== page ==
In a statement, the Gamaleya Center, Sputnik V’s manufacturer, called the concerns about the vaccine’s vector “completely unfounded.” It said speculation about the link between Adenovirus Type 5 and HIV transmission in high-risk populations was based on “small-scale inconclusive studies among volunteers with highly probable risky behavior.” It noted that the same vector was used in China’s CanSino vaccine, which has been widely used in China.

Dr. Julian Tang, a virologist at Britain’s University of Leicester, was perplexed by the South African decision to reject Sputnik V.

“It’s a strange connection to make,” he said, explaining that while past concerns have been raised about using the particular virus vector in Sputnik V, much remains uncertain. “It’s not the vector that caused HIV so you can’t just blame it on that,” Tang said.

The vaccine made by AstraZeneca uses a related chimpanzee adenovirus; both it and the Johnson & Johnson shot have been approved in South Africa.

Amid widespread vaccine hesitancy in Russia, authorities have struggled to convince people to get vaccinated and the immunization rate in the country has remained stubbornly low, at about 32%, despite availability of Sputnik V.

Sputnik V is currently also being considered for authorization by the World Health Organization and the European Medicines Agency. The shot has been given the green light in more than 70 countries. To date no significant safety problems have been identified.

Source: Africanews

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UN’s top envoy warns Great Lakes Region is ‘at a crossroads’  – The Maravi Post

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For Mr. Xia, the main threat to peace and stability in this region around the Great Rift Valley, remains the persistence of non-State armed groups. 

He pointed to “an upsurge in attacks”, whether by the Allied Democratic Forces (ADF) in eastern Democratic Republic of Congo (DRC), or those launched by the RED-Tabara against Bujumbura airport, in Burundi, last September.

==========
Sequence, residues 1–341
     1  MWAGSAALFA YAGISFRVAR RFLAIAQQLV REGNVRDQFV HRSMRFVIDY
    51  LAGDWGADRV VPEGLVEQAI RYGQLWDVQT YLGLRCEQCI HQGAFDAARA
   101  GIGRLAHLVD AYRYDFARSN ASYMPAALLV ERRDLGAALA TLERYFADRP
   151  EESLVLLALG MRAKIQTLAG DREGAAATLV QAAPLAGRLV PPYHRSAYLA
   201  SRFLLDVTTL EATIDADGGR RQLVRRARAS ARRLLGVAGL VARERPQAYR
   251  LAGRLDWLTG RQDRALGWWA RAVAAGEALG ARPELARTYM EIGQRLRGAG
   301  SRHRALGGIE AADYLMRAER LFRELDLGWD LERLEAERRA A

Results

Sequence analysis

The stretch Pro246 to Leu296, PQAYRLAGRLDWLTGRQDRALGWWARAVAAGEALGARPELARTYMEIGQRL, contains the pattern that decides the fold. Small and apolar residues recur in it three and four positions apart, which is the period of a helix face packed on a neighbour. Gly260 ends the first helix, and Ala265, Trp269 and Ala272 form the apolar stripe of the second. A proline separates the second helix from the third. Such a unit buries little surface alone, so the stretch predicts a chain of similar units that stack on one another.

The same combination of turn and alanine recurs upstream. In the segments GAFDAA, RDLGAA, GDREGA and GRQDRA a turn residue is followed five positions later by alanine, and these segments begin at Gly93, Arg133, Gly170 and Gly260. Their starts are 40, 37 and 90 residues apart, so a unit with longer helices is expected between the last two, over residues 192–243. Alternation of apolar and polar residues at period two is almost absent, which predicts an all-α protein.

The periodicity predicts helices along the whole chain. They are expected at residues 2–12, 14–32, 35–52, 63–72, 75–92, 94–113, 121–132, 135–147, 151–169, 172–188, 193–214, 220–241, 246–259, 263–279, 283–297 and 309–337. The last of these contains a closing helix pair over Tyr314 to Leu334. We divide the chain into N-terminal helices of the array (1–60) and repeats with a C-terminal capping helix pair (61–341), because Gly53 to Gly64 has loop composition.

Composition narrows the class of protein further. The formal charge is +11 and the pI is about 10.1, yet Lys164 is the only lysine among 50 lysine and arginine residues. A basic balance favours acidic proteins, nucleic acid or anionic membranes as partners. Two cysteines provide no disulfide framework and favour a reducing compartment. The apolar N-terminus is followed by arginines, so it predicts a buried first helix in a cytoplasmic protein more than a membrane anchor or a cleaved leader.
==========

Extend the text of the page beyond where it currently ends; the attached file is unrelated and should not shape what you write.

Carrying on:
Since the beginning of this year, in DRC alone, at least 1,043 civilians have been killed, including 233 women and 52 children. 

Peacekeepers from MINUSCA’s Burundian contingent on patrol in Bokengue.

“This violence continues to have serious consequences on the already fragile humanitarian situation, as well as on the socio-economic stability of the affected area”, the Special Envoy said.  

He told the Council Members that “these negative forces also remain involved in the illicit exploitation and trade in natural resources, the revenues of which finance their arms procurement and recruitment.” 

Solutions 

“How to put an end to it?”, he asked. “This is obviously an old question that haunts anyone interested in the region.” 

Despite the challenges, he highlighted several bilateral and regional initiatives, saying they “attest to the emergence of a community aware of the added value of dialogue and cooperation.” 

He also noted the overall peaceful transfers of power in the DRC and Burundi, as well as the signing and implementation of peace agreements in the Central African Republic, South Sudan and the Sudan.  

For him, more than ever, “it is necessary to sustainably consolidate these achievements while firmly addressing the challenges that persist.” 

“The success of such an approach requires learning from the lessons of the past and showing imagination to support the people of the Great Lakes region in building a better present and future”, he added. 

Turning to COVID-19, he said the pandemic has exacerbated vulnerabilities, but also demonstrated the resilience of the region.  

Before the pandemic, 15 million people across the Great Lakes were already displaced from their homes, facing rising malnutrition and food insecurity.  

Mr. Xia also reiterated the Secretary-General’s call for greater solidarity to facilitate access to vaccines and to strengthen health systems.  

The success of such an approach requires learning from the lessons of the past and showing imagination to support the people of the Great Lakes region